The tail – 35-40in long, as soft as pashmina and as heavy as rope on a galleon – is a wondrous appendage, used as both scarf and counterweight. Courtesy of this tail the snow leopard in motion is as finely balanced as a gyroscope, and as stealthy as mist. Dr Sharma showed me footage of one walking. Inadvertently it sets a stone rolling with one paw, and in the same movement bats the stone to a standstill so as not to make the slightest noise.

This combination of extreme rarity, striking physique and ghostlike grace gives the snow leopard unique cachet with humans. Western conservationists rally to its power as a ‘flagship species’, a charismatic presence around which awareness of wildlife issues can be raised, and the computer giant Apple even considered it sufficiently hip for ‘the world’s most advanced operating system’ to be named in its honour.

It has also given its name to one of the great English-language travel books of the past 30 years, Peter Matthiessen’s The Snow Leopard, in which his quest to see one in the mountains of Nepal becomes a metaphor for an inner, Buddhism-inspired journey of the soul. It is often forgotten, in the clouds of acclaim that have swirled around the book, that Matthiessen failed in his quest. He did not see a snow leopard. His rationale for this failure was something I had been trying to take on board while in Mongolia, in anticipation of my own failure: ‘If the snow leopard should manifest itself, then I am ready to see the snow leopard,’ he wrote. ‘If not, then somehow (and I don’t understand this instinct, even now) I am not ready to perceive it… and in the not-seeing, I am content.’

Orjan Johansson was aware of the semi-mystical aura surrounding the snow leopard, and the irony was not lost on him that a by-product of this long-term research project will be a certain demystifying of the ghost of the mountains. ‘We don’t know anything about them,’ he exclaimed. ‘How many cubs they have. How long they stay with their mothers. What they eat, even. We need this basic ecological knowledge as a base for good conservation practices. In a way we’re taking away the romantic picture, the mystique, which is sad, of course. But we can’t have them be like the unicorn, that nobody ever sees.’

Johansson was talking in his camp, where I was helping him build his snares. His camp was a ger – a traditional Mongolian nomad’s yurt, circular and made of felt. They can be surprisingly luxurious inside, with carpets, televisions and stoves. Johansson’s was a utilitarian space. Stacked in boxes were the tools of his trade: camera traps (triggered, like burglar alarm sensors, by heat and movement), GPS collars and the ironmongery needed to make snares.

A calendar featuring portraits of the Swedish royal family hung from a wall (August was Queen Silvia, but it wasn’t a decorative choice, he said, just the only calendar he could find in Sweden at short notice). A bowl of pet food betrayed the presence of Felis catus (a domestic cat), though she was currently out hunting in the mountains. ‘The cat’s called Friday,’ Johansson said, ‘because I feel like Robinson Crusoe out here.’

From the moment he builds the first trap of a new collaring season his life becomes by necessity ascetic and exhausting. Each trap is connected to a transmitter tuned to its own VHF frequency. When a trap is sprung it sounds an alarm in Johansson’s ger – always at night, for the wild creatures of the mountains are nocturnal. There are plenty of false alarms – a fox or goat – but in any case he must get to the trap site without delay in order to minimise the time the animal spends in the snare. As autumn turns to winter, and temperatures nosedive to -25C, the routine leaves him increasingly lonely, cold and sleep-deprived. ‘I’ve done 31 days with no one around, and that sucks,’ he told me. ‘Your face muscles don’t work properly because you haven’t been speaking. I have conversations with myself: Shall I have spaghetti today? Yeah, that’d be good.’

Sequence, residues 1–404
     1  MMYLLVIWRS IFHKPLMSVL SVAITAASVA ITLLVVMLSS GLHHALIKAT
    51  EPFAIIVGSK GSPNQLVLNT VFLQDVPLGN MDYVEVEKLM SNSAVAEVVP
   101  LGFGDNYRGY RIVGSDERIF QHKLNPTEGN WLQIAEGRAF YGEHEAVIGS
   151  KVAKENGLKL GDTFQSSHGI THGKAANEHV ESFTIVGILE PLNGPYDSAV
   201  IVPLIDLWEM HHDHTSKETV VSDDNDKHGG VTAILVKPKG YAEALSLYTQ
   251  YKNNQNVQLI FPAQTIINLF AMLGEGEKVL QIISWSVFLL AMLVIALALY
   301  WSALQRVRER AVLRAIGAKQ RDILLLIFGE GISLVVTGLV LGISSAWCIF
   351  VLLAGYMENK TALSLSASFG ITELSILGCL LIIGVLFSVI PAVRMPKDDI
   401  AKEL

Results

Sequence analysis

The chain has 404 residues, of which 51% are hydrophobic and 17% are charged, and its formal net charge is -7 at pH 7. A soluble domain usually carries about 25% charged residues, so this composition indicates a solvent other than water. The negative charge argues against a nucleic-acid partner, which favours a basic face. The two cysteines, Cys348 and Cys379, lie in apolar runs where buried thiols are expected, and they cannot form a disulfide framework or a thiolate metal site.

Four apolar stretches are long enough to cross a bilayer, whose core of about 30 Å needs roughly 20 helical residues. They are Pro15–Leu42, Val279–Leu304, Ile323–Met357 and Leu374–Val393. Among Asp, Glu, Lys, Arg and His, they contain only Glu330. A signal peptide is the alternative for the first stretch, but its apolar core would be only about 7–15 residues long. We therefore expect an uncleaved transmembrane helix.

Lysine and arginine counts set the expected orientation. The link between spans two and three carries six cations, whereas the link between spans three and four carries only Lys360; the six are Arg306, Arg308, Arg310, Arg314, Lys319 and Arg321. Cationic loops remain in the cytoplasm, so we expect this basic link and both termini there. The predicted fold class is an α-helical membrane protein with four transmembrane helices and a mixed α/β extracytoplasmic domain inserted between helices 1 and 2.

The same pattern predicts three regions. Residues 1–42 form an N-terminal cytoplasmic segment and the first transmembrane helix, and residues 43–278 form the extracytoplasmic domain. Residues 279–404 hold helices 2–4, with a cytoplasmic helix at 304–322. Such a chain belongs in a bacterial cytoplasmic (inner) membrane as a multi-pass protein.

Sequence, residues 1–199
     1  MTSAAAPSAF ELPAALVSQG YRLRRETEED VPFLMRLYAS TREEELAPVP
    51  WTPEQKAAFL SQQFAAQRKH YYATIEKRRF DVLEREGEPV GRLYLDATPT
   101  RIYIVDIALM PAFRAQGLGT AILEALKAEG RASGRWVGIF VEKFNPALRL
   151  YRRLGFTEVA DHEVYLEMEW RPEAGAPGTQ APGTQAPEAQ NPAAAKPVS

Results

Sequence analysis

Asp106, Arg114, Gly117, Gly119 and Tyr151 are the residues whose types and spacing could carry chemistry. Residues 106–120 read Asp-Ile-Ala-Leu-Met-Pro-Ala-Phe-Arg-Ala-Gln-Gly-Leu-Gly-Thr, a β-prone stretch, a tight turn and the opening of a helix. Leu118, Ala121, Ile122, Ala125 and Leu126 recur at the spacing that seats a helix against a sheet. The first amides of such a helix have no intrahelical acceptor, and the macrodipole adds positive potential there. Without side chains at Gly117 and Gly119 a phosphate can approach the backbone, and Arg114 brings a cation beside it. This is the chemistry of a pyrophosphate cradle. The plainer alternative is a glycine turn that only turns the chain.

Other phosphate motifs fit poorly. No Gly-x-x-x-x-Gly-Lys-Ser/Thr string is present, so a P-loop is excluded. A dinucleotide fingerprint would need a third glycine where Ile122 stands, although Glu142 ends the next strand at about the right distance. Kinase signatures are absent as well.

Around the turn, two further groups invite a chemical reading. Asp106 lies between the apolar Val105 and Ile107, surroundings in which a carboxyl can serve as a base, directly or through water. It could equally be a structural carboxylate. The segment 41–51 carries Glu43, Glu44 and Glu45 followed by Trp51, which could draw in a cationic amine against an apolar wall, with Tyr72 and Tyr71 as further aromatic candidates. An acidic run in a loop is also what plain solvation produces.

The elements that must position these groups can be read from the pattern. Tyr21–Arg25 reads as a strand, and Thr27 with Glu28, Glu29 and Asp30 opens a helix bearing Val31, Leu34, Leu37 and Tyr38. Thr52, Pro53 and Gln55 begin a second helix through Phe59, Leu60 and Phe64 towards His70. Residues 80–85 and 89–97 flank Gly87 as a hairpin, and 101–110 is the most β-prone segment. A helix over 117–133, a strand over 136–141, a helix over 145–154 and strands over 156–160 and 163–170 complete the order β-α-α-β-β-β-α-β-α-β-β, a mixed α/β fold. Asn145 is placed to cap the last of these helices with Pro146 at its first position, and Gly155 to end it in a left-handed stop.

He usually has some contact with base camp, though the biologists and researchers there tend to come and go, and he does have neighbours. Lower down the valley, and in adjacent valleys, live a scattering of herder families in gers who graze small flocks of goats and sheep on gruel-thin pastureland. Every herder I spoke to had lost goats and sheep to snow leopards. ‘At least four or five a year,’ one of Johansson’s neighbours, 35-year-old Battur, reckoned. ‘But since the Snow Leopard Trust came we do not trap [and kill] them any more.’

The SLT has been doing sterling work in creating disincentives for the killing of snow leopards. Last year it inaugurated a livestock insurance scheme, and since 1999 Bayarjargal Agvaantseren has been coordinating an initiative called Snow Leopard Enterprises. Women from about 400 households are now involved across Mongolia, producing handicrafts that are sold at zoos and conferences in the US and in Europe. Last year sales exceeded £80,000, and all funds flow back to the herders. A condition of payment is that if a snow leopard is trapped and killed, the women living in the administrative area where it happened will forfeit a bonus. The scheme has already proved itself: last year a herder who killed a snow leopard was pressurised by the local community into compensating local women for the loss of that year’s windfall. He also faces a life-destroying fine of thousands of pounds.